Materials and Methods

A cross-sectional survey was carried out during September 2012 and September 2013. The participants recruited into the survey included all adult refugees over the age of 18 years who sought social and health services for various reasons at a faith-based centre located in the city of Durban, KwaZulu-Natal Province, South Africa. Ethical approval to conduct the survey was granted by the University of KwaZulu-Natal Biomedical Research Ethics Committee (REF 122/11). Each participant signed a written informed consent to answer a closed ended questionnaire that incuded demographic details and malaria history. The participants also provided a peripheral blood sample to screen for malaria using SD Bioline rapid diagnostic tests (Standard Diagnostics Bioline, Korea) and microscopy thick and thin smears. All participants that tested positive for malaria were treated on site with a recommended antimalarial as per national treatment guidelines. Data entry and analysis was carried out in Microsoft Excel and frequency tables were generated to show demographic information of the study participants and prevalence of malaria.

Results

Data was obtained for 303 participants consisting of 51.5% females and 47.5% males aged 19 to 64 years old. Of these participants, 289 originated from 12 different SSA countries, excluding South Africa. More than half of them came from DRC followed by Burundi, Rwanda and Zimbabwe. When asked about previous infections with malaria 89.1%% of participants responded that they had previously been infected with malaria prior to entering South Africa (Table 1). Two hundred and ninety participants provided a peripheral blood sample for screening of malaria. The prevalence of asymptomatic malaria was 3.8% for RDT, 5.9% for thin blood smear and 4.5% for thick blood smear. The majority of malaria infections were due to P. falciparum (88.2%) and the remainder resulted from mixed infections of P. falciparum/P. vivax (5.9%) and P. falciparum/P. ovale (5.9%). A higher prevalence of malaria was observed in participants that were male, from DRC and Burundi, in the age group 21–30 year olds and had a secondary level of education (Table 1). It was not possible to indicate a statistical difference due to low numbers of infected participants.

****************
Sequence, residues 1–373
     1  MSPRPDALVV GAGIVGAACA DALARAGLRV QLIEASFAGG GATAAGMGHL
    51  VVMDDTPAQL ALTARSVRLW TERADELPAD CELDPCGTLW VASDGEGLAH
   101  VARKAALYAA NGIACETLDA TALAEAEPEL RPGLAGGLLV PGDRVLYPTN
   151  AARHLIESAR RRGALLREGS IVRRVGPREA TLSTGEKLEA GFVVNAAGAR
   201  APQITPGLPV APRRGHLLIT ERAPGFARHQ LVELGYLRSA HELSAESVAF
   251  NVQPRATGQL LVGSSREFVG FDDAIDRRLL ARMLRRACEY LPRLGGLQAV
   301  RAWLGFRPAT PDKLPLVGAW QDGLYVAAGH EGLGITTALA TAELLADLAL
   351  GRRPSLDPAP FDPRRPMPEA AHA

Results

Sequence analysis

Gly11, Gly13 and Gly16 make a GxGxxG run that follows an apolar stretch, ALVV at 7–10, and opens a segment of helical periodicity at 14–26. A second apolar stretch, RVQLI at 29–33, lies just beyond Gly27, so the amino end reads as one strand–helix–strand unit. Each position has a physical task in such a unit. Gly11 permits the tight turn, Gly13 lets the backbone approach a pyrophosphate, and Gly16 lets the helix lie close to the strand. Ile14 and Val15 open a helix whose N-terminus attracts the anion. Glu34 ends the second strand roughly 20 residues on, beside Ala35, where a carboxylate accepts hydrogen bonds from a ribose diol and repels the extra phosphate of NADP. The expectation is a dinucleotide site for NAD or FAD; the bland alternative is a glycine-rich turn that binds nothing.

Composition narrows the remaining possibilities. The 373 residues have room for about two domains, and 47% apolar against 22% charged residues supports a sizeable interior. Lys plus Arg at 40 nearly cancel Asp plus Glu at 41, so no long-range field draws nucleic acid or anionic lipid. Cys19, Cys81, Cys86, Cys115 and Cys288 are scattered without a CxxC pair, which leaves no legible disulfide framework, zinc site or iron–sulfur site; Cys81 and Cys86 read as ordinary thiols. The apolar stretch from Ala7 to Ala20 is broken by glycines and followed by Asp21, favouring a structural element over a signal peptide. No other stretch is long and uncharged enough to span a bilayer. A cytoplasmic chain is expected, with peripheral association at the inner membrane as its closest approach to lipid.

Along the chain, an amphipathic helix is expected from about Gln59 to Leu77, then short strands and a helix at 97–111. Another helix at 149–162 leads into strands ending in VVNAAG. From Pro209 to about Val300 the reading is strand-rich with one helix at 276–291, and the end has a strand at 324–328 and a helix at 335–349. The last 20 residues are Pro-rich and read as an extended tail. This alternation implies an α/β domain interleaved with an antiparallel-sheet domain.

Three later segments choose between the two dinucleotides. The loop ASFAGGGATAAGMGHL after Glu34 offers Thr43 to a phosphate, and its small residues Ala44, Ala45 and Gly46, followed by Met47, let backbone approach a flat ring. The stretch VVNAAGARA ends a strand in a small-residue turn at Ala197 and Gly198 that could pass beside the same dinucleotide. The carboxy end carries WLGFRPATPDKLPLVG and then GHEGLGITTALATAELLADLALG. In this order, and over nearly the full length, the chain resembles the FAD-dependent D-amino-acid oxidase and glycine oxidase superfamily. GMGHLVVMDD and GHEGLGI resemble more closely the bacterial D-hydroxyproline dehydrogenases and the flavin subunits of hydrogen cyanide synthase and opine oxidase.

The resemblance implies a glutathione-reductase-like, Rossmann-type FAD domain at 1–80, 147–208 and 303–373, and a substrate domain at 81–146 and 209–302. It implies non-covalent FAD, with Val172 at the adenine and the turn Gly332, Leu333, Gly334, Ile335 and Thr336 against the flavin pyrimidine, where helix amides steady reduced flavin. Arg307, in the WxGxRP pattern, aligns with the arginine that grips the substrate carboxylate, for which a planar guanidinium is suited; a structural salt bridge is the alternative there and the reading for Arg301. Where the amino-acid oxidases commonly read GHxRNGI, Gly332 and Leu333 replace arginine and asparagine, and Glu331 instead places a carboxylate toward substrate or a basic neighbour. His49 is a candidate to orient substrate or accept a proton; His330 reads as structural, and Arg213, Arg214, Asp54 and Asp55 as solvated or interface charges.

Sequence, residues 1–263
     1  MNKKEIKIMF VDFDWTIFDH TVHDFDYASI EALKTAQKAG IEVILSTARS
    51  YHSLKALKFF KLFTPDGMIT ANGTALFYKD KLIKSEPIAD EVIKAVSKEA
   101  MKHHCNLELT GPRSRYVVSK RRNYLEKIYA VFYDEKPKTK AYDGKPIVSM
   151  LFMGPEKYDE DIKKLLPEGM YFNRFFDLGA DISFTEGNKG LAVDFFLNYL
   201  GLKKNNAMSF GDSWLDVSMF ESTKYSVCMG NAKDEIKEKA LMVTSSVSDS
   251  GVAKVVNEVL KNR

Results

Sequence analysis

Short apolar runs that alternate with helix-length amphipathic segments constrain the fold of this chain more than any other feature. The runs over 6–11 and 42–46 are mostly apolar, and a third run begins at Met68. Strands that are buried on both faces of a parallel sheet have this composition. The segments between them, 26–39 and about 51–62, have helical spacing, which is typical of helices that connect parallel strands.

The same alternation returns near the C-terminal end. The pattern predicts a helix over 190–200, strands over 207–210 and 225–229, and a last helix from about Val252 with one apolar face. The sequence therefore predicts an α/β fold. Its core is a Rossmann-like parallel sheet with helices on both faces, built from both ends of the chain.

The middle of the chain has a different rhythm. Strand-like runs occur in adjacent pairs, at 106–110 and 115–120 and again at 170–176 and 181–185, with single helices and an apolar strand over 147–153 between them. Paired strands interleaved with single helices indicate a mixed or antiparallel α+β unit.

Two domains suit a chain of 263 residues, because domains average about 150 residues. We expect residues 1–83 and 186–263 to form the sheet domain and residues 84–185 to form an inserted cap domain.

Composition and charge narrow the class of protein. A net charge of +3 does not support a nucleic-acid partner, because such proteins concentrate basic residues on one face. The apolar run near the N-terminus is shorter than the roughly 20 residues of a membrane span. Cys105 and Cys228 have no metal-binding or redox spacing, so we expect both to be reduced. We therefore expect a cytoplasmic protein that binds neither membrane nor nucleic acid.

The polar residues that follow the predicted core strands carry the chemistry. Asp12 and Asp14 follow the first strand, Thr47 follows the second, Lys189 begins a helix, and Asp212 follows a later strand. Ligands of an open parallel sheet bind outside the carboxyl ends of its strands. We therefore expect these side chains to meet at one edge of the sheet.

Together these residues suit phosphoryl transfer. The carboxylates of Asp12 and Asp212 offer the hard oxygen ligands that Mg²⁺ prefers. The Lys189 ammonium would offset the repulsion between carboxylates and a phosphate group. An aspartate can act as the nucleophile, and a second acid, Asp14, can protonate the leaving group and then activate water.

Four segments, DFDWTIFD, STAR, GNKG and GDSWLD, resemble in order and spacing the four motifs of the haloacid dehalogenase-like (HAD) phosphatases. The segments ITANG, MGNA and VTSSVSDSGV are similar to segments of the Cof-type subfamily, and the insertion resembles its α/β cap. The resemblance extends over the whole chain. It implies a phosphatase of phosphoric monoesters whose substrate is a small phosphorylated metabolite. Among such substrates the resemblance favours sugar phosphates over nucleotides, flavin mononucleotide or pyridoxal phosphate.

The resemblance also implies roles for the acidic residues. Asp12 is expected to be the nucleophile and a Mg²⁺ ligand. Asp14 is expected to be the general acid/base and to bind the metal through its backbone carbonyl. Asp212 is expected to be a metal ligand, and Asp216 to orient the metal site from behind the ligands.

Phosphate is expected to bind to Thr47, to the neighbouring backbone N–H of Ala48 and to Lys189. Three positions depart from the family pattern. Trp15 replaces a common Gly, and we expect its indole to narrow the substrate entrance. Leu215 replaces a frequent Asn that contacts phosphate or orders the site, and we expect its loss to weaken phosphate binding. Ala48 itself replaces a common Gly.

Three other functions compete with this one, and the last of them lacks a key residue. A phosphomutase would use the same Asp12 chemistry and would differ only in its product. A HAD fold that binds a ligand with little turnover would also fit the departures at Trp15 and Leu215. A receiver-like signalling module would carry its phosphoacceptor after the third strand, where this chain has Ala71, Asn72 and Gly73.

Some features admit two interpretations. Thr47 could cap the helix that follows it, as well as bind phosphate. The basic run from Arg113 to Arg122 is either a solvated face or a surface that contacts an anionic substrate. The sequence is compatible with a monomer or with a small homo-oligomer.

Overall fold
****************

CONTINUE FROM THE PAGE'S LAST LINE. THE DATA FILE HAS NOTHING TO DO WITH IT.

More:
Discussion

The results show that all, but two participants originated from SSA countries which are highly endemic for malaria transmission and carry a heavy burden of malaria [1], [20]. Similar to reports by the UNHCR [11] a large number of refugees come from the DRC, Burundi, Rwanda and Zimbabwe. Unlike in many studies conducted on refugees, particularly those from Asian countries, there is a slightly higher number of females than males in this population. The fact that many participants come from countries that experience stable malaria transmission explains why the participants did not present with symptoms of malaria when they were recruited into the survey. This is suggestive of some level of immunity acquired in the countries of origin. The possibility that they will thereby harbour undetected asymptomatic infections, makes them likely to act as a reservoir for transmission of malaria parasites to the South African population, who are generally non-immune because of the low seasonal transmission [16] putting them at risk of developing severe malaria.

The results confirm the presence of asymptomatic malaria (prevalence 3–5.2%) in a refugee population living in the city. This concurs with research from Canada, US, Australia and European countries that reported prevalence rates of 3–50% asymptomatic malaria among refugees entering these countries [2], [4], [7], [10]. It is possible that the prevalence in our sample could be under-estimation due to the low sensitivity of RDT and microscopy used to detect asymptomatic malaria infection. We believe that PCR tests would have yielded a much higher prevalence as was the case in other studies [21][24].

The presence of malaria transmission in an area classified as non-endemic for malaria raises two major concerns. First, this poses as a public health threat because malaria transmission may be re-introduced in the city. Malaria in South Africa is known to occur in the areas bordering Mozambique, Zimbabwe and Swaziland which lie in the north-eastern parts of KwaZulu-Natal, Limpopo and Mpumalanga provinces located mainly in rural areas [19]. Second, the presence of malaria transmission in the city is a major threat to tourism in the province and country as they are regarded as South Africa's premier tourist destinations. The Durban city is known as a popular tourism destination and a big event venue particularly for its warm sub-tropical climate even during winter. The vision of the tourism sector in KwaZulu-Natal province is to make the city globally renowned as Africa's top holiday destination by 2030 [25]. The city is currently marketed globally as a malaria-free tourist destination and the aim is to keep it under prevention of re-introduction (zero cases/1000 people) within the malaria elimination continuum [26][28]. In South Africa the most common vector is Anopheles arabiensis, but Anopheles merus has been on the increase. Anophele funestus funestus is another vector which re-appeared in the 2000's but was eliminated [17]. Maharaj et al agrees that the presence of these vectors in areas with malaria could lead to local transmission of malaria [17].